Yeah. One thing real quick is that if you do pick up the book, um, when you finish it, don’t put it in your bookshelf. I ask that you give it to somebody. Give it to somebody and share it with them so that they can learn about this as well. And, you know, it’s, it’s, it’s, it’s about, you know, so I don’t want you to tell them to go buy it.

I’d prefer that you just give it to them. Sure. Make it easy and, and, and, and share the, share the

Scott DeLuzio: story. Absolutely. All right. So time for the humor section of this show. Um, so I don’t know if you have a joke or not that you’d like to share, but if you do, uh, by all means,

John Suzuki: I think I got a dad joke, which is probably so bad.

It’s probably going to be called a grandpa joke, but what do you call a fish? What do you, what do you call a fish with no eyes?[00:47:00]

Scott DeLuzio: Oh, uh, I don’t know. A fish.

John Suzuki: And what did the sushi say to the bee? I don’t know. Wasabi.

I’m laughing at my own joke. It’s so stupid. Anyway, I’m

Scott DeLuzio: sorry. That’s okay. That’s okay. My jokes probably not much better. So, so my, my joke, uh, when a soldier loses the rifle in the army. The army is going to charge them like a thousand dollars or whatever the cost is to replace the rifle. And that’s why in the Navy, the captain always goes down with the ship.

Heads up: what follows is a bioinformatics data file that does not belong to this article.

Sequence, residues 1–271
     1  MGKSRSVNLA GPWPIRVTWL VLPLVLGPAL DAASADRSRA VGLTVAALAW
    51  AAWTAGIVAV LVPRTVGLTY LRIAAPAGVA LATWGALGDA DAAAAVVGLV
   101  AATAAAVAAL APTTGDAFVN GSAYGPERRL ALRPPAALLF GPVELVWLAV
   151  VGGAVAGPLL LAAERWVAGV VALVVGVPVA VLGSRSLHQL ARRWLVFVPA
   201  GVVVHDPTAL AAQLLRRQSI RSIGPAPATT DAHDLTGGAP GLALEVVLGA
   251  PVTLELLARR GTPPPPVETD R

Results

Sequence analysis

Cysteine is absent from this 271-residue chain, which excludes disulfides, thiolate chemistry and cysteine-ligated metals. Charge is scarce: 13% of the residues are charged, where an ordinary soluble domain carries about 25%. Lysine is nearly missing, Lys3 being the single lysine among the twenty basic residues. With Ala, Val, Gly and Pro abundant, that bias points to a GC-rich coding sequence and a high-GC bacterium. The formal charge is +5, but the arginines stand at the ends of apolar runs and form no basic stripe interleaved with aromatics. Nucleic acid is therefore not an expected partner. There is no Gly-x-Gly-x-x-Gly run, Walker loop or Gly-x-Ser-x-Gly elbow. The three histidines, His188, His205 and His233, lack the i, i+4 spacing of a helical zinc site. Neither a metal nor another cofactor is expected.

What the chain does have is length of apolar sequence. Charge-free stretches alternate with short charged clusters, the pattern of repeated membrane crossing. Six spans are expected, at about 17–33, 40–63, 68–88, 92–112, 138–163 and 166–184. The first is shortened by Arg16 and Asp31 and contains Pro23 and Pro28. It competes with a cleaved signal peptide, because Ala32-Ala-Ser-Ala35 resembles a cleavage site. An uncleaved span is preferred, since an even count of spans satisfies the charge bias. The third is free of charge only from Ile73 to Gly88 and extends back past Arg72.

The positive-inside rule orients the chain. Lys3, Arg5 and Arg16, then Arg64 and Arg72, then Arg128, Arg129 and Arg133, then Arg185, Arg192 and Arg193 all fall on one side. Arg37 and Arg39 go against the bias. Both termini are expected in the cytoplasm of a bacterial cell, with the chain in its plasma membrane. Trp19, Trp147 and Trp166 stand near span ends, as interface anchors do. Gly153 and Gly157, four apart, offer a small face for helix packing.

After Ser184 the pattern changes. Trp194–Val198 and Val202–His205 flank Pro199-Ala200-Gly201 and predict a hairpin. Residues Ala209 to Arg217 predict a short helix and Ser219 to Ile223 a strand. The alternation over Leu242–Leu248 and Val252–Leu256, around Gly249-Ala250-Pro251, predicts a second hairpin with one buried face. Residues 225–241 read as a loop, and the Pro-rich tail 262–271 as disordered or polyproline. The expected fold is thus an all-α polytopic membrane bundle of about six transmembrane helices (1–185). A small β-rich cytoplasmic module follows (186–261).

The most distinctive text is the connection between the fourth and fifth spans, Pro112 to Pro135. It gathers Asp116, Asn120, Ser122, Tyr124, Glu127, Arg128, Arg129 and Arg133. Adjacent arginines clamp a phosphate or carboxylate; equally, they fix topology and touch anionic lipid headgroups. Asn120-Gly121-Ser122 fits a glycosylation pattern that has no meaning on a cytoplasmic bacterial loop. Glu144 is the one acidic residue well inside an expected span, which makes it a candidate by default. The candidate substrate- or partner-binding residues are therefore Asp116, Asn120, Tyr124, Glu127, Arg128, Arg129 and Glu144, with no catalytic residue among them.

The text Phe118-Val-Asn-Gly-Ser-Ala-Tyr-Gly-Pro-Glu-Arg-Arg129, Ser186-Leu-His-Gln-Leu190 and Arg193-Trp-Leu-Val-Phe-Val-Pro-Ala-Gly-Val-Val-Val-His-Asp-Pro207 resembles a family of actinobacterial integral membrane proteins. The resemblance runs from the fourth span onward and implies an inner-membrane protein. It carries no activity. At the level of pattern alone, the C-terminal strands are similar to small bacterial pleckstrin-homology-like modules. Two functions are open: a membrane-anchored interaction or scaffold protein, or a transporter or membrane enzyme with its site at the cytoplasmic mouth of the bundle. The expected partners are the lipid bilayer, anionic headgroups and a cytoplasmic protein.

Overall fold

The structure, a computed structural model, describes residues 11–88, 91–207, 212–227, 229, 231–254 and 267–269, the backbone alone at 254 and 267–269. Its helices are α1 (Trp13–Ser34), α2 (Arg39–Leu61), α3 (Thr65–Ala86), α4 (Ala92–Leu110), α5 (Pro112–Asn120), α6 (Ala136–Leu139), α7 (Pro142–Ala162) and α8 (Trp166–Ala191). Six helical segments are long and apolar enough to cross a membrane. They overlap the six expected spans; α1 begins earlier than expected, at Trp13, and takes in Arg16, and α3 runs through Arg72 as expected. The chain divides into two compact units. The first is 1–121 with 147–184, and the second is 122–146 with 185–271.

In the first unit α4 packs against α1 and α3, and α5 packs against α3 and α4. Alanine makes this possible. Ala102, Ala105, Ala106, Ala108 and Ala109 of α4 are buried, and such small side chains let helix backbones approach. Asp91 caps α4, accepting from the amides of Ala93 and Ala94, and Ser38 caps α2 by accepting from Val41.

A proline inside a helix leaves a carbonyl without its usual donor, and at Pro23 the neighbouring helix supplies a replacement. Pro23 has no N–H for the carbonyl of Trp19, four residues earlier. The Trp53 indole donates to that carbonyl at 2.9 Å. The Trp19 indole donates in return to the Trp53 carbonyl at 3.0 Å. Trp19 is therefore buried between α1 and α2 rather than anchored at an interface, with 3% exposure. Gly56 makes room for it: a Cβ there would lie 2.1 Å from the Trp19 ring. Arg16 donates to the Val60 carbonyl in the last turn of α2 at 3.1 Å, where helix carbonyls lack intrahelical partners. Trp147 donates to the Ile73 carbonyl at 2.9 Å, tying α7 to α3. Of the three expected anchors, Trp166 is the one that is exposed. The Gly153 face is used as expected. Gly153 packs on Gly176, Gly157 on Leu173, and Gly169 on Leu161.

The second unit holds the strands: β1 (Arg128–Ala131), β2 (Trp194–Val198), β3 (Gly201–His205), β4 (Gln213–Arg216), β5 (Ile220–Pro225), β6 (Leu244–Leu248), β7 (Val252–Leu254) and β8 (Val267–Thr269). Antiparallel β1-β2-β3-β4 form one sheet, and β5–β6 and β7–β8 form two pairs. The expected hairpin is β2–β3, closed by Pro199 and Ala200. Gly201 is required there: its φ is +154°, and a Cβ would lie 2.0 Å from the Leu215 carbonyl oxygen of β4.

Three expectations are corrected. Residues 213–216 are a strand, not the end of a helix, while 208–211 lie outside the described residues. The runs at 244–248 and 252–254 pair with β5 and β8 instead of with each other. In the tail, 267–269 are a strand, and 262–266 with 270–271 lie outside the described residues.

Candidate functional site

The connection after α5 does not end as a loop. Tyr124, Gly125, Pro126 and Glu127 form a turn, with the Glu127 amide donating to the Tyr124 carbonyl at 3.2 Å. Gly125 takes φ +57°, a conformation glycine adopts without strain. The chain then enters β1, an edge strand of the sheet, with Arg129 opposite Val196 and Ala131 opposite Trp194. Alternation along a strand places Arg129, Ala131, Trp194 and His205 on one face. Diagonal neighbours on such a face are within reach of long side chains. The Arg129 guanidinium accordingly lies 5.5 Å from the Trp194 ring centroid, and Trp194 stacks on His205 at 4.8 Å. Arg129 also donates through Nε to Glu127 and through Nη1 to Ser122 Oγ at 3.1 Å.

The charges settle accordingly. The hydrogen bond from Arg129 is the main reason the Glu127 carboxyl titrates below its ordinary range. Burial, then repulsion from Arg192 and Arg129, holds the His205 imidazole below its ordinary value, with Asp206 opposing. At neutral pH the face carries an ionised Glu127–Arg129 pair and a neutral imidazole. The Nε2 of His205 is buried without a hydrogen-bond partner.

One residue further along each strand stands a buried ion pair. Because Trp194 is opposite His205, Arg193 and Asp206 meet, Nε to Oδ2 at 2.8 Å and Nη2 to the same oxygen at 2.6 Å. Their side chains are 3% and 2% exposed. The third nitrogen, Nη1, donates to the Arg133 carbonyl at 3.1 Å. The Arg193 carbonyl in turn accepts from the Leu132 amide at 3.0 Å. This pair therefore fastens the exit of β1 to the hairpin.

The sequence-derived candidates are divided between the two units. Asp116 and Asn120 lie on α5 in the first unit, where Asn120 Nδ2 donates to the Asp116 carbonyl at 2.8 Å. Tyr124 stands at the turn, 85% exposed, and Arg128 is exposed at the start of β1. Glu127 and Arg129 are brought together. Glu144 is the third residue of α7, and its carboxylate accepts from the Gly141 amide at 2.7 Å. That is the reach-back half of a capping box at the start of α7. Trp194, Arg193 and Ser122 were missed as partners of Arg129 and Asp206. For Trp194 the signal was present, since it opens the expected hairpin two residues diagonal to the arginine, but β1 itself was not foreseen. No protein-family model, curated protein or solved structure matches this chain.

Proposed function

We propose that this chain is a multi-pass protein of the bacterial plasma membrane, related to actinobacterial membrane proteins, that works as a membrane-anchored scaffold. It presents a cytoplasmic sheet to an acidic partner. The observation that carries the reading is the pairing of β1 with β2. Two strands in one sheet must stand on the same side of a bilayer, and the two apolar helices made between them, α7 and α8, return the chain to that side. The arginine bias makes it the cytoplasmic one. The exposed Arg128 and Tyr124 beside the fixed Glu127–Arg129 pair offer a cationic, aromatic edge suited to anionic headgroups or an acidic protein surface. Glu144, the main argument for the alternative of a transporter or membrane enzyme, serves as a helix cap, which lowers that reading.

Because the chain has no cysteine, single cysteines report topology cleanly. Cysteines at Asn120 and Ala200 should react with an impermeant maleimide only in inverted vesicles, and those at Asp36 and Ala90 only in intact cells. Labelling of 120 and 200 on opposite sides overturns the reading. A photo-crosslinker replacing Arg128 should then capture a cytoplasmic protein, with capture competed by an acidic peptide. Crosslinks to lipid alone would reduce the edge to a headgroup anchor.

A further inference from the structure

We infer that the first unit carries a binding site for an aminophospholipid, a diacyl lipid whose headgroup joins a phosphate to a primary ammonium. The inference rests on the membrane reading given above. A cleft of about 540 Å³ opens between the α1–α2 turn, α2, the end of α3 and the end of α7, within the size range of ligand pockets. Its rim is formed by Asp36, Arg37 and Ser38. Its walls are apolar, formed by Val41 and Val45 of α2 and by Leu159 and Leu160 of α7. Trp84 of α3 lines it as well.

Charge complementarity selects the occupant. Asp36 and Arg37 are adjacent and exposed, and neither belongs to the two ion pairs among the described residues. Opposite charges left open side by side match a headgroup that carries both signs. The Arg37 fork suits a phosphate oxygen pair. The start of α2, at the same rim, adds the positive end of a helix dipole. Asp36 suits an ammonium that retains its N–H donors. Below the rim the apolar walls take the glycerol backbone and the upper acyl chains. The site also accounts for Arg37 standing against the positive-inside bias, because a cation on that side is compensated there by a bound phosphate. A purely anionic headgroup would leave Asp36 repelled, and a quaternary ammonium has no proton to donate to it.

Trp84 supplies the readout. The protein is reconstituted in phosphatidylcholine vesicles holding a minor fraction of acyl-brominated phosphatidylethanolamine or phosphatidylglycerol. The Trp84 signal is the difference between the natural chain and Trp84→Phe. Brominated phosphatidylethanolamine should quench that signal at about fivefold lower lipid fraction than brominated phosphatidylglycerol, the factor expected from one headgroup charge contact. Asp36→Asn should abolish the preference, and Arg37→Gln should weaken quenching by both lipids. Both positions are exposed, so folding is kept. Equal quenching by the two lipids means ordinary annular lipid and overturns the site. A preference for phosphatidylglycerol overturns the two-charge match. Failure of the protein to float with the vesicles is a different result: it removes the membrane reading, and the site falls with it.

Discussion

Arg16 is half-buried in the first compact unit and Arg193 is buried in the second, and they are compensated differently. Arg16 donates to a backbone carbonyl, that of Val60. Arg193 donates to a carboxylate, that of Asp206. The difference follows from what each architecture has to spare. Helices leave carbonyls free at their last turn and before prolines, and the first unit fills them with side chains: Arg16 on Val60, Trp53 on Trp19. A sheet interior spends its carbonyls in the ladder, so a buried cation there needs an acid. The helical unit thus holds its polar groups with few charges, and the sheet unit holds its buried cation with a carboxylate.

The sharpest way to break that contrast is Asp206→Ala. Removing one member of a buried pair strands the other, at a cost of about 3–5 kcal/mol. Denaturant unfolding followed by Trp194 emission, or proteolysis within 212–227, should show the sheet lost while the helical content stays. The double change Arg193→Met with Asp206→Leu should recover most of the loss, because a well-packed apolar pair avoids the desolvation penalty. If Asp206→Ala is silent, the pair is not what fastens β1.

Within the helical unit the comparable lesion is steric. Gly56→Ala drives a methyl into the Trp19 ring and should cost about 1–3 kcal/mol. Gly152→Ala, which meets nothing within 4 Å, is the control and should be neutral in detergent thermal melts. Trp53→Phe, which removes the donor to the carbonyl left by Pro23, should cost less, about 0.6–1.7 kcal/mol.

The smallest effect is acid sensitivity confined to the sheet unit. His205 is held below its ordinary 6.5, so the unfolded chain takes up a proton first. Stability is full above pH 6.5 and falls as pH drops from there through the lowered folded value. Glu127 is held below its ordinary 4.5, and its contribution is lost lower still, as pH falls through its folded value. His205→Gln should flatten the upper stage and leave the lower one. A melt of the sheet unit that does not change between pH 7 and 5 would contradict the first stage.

John Suzuki: That’s a big

Scott DeLuzio: bill. That’s a big bill. Yeah. You don’t want to, you don’t want to be putting that bill. So John, again, thank you [00:48:00] so much for taking the time to join us. I really do appreciate it. My honor. Thank you, Scott. Thanks for listening to the Drive On Podcast. If you want to support the show, please check out Scott’s book, Surviving Son, on Amazon.

All of the sales from that book go directly back into this podcast and work to help veterans in need. You can also follow the Drive On Podcast on Instagram, Facebook, Twitter, LinkedIn, YouTube, and wherever you listen to podcasts.